Welcome to my Blog, a place where the issues concerning the state of the dog in the states of the nation are presented on a weekly basis. To read more about the National Dog Week movement, please see ABOUT.

“The dog was created specially for children. He is the god of frolic.”  Henry Ward Beecher, American, 1813-1887

The month of April showers us with all kinds of meaningful observances; April brings us ASPCA, National Pet, Pet First Aid and Prevent Lyme in Dogs Month.  But we are also in the middle of Autism Awareness Month and that, too, presents a fascinating link to the world of canines.

Blog Note: The Month of May is Be Kind to Animals Month and this blog will be filled with stories about those who employ “simple” and direct ways to help all animals; Bags for Cats, Covers for Critters, Matts4Mutts, and Kongs for shelter dogs…how will you be kind to the animals during May and all year ’round?

Of all of my first one-hundred posts on this site, the one that has attracted the most consistent interest was the one that presented NJ Dog Whisperer Janice Wolfe of New Jersey, and the work she and her Service dog, Wyatt do to help children diagnosed with Autism and Asperger Syndrome. That post can be read in the Archives of September 14, 2010.

Janice and Wyatt have gotten a lot of attention since then due in part to the coverage they have received in media outlets like USA Today and the New York Daily News when Wyatt, a two-year old Rhodesian ridgeback, became the recipient of the ACE Award. Presented by the American Kennel Club, the American Canine Excellence (ACE) Award was bestowed on Wyatt for his incredible work with young people with special needs.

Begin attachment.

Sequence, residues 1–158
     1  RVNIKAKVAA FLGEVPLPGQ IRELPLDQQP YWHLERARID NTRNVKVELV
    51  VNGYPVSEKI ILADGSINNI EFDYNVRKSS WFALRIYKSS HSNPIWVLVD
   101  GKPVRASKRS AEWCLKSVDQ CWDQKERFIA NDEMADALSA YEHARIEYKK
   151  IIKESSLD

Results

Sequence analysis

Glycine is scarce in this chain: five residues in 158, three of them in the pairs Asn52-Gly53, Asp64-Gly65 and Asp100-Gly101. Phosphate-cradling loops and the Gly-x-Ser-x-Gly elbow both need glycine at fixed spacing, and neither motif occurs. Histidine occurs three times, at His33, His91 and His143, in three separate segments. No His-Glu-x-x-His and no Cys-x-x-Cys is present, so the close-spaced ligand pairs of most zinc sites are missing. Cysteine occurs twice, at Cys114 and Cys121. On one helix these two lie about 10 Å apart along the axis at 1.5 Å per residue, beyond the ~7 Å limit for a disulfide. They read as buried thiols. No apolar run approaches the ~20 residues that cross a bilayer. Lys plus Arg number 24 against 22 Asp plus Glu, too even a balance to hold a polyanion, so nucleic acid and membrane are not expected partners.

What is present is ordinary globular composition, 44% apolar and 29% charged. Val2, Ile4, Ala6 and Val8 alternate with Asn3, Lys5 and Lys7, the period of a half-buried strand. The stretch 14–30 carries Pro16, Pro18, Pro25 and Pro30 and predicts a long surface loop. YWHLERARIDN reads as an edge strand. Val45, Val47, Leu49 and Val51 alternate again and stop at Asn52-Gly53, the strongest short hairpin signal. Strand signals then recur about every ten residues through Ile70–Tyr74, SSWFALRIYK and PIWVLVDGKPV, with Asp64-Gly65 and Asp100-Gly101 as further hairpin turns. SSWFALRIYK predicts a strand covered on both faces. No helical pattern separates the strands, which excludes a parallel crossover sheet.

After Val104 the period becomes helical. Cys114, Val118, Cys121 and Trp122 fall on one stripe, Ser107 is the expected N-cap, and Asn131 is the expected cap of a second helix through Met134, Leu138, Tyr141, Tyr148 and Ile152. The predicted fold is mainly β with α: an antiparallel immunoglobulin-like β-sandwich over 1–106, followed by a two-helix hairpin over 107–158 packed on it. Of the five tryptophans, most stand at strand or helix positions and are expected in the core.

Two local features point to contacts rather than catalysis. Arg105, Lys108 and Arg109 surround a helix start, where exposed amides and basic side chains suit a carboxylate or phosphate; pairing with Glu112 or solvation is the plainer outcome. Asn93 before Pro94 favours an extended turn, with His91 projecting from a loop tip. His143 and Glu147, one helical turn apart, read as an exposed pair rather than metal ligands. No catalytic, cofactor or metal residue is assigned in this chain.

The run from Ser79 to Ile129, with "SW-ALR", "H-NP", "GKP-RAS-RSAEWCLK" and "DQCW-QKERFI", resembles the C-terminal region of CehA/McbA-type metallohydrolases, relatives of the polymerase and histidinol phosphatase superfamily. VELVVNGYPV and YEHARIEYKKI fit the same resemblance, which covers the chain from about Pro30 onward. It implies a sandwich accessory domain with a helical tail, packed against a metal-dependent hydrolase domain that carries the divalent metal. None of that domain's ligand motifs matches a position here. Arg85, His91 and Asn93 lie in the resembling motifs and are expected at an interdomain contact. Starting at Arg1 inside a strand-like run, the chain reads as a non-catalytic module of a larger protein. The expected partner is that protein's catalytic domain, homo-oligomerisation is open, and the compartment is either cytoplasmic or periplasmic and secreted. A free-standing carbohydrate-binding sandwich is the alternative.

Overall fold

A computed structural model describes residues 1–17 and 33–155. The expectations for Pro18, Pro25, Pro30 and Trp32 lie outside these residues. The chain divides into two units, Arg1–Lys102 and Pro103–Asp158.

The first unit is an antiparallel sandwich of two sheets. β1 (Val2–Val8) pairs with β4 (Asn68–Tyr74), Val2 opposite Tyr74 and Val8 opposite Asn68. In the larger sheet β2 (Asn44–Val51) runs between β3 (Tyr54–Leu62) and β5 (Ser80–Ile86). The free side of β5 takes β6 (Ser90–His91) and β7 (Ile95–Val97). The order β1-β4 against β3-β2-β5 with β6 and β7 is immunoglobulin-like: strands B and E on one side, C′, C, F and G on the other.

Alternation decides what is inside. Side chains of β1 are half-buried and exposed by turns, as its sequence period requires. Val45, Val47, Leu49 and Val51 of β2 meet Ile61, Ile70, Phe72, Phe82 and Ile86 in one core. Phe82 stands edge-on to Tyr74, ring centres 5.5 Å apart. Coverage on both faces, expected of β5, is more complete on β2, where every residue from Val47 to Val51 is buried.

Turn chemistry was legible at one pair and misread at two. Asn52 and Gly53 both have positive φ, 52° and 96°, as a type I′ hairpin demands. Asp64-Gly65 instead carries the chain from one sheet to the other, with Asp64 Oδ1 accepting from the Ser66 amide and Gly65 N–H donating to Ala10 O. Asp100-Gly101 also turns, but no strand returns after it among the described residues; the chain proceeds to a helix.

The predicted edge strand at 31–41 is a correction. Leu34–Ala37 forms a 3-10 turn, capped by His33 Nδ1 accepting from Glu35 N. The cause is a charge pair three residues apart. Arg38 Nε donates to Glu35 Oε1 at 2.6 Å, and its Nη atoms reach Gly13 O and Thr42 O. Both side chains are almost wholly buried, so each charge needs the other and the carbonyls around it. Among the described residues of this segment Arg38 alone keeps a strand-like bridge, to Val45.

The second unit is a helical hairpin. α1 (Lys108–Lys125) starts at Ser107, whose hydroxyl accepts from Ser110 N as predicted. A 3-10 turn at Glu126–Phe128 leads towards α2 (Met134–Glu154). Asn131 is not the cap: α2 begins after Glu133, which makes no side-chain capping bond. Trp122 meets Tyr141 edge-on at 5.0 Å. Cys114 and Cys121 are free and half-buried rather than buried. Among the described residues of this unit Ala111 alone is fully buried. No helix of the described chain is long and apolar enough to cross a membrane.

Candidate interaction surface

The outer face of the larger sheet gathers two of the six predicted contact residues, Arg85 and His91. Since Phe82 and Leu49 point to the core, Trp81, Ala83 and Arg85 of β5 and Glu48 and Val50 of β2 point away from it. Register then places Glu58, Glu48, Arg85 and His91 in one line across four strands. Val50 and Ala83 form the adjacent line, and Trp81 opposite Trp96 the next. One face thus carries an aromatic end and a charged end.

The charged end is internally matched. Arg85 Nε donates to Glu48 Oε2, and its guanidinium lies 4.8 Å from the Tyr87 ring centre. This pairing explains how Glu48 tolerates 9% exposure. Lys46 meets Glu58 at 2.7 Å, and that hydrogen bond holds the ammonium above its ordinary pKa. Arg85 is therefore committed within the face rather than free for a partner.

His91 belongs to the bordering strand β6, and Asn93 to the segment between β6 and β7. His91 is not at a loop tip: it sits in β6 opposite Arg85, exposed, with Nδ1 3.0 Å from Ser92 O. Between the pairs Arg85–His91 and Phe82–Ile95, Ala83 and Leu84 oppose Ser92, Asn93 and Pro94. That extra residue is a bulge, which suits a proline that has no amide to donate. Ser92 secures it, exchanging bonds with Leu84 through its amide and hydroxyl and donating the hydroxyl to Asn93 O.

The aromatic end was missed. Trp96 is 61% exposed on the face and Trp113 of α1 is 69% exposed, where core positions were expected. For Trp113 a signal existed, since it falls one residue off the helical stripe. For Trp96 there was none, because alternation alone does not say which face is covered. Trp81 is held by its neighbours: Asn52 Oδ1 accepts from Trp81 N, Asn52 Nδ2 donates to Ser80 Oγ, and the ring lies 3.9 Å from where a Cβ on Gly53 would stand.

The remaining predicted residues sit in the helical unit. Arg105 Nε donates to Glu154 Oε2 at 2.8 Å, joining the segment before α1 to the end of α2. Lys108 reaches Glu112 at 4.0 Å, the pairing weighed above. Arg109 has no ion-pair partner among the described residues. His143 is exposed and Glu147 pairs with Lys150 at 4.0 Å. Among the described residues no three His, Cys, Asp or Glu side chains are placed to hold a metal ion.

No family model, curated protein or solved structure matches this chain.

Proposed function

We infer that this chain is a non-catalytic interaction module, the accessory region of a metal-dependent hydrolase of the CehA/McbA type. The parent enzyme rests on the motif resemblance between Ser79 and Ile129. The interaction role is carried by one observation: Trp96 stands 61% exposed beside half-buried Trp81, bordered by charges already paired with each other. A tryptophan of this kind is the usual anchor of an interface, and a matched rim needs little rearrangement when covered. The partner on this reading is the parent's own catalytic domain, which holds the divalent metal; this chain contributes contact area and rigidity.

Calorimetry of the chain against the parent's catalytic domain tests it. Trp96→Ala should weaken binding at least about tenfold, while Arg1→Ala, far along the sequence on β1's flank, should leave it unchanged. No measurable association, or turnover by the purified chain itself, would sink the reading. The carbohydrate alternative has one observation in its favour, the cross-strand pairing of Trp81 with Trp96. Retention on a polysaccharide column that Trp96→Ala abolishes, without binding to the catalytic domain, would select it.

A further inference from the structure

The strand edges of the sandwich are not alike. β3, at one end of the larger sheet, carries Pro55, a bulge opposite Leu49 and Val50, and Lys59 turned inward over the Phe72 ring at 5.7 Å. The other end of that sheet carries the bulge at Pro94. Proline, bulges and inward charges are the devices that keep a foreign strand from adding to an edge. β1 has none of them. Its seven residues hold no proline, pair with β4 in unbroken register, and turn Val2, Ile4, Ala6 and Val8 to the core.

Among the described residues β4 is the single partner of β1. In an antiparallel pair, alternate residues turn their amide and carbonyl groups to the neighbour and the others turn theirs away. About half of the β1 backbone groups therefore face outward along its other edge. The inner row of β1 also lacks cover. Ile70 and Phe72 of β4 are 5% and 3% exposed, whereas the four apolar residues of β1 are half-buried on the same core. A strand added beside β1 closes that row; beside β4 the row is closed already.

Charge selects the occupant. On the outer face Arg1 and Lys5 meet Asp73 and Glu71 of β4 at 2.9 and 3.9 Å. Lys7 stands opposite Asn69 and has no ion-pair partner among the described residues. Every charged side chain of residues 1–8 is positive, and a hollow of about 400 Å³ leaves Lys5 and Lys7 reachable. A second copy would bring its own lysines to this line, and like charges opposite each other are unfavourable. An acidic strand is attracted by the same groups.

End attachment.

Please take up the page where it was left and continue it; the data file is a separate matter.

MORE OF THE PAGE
I thought that as I began writing the first of my next one-hundred posts, I would revisit Janice and let her tell everyone what is going on in her life…

Janice with ACE Award-winning Wyatt

LBK: Please explain why you continue to provide service dogs, free of charge, to children with special needs.

JW: Through my organization, Merlin’s Kids (http://www.merlinskids.com) I rescue shelter dogs and train them to work with children diagnosed with Autism Spectrum Disorder and Asperger Syndrome. The dogs I train have been carefully selected by me and matched with a suitable child, and family.

LBK: Can all dogs be trained as Service dogs?

JW: No, not every dog is suited for this kind of specialized service work. I rescue and train Rhodesian Ridgebacks, Ridgeback-mixes and sometimes Golden retrievers. As a breeder of Ridgebacks for 23 years, I am very familiar with their temperament and capabilities, but not every Ridgeback will succeed as a service dog.

Good service dogs are hard to find. Even among organizations that train them from puppyhood, I would say that only one in approximately eight will go on to become successful Service dogs. There are no guarantees despite the best efforts of the most qualified trainers. There are so many variables involved. Besides proper training, the most important aspect is placing the right dogs with the right kids, and their families.

Out of every dog I rescue, only about two out of five will make it as a Service dog. Every dog is so different. My dog, Wyatt, for example, is a born natural. I don’t work with puppies, only adult dogs because their temperaments are already formed and by observing them and spending time with each dog, I can see if they are trainable or suitable for this kind of work.

LBK: What does it cost for you to train a dog and how many do you “graduate” each year?

JW: It costs between $8-12K to train a Service dog. In 2009, I placed 61 dogs, but last year, I could only place 28, unfortunately, due to lack of funds.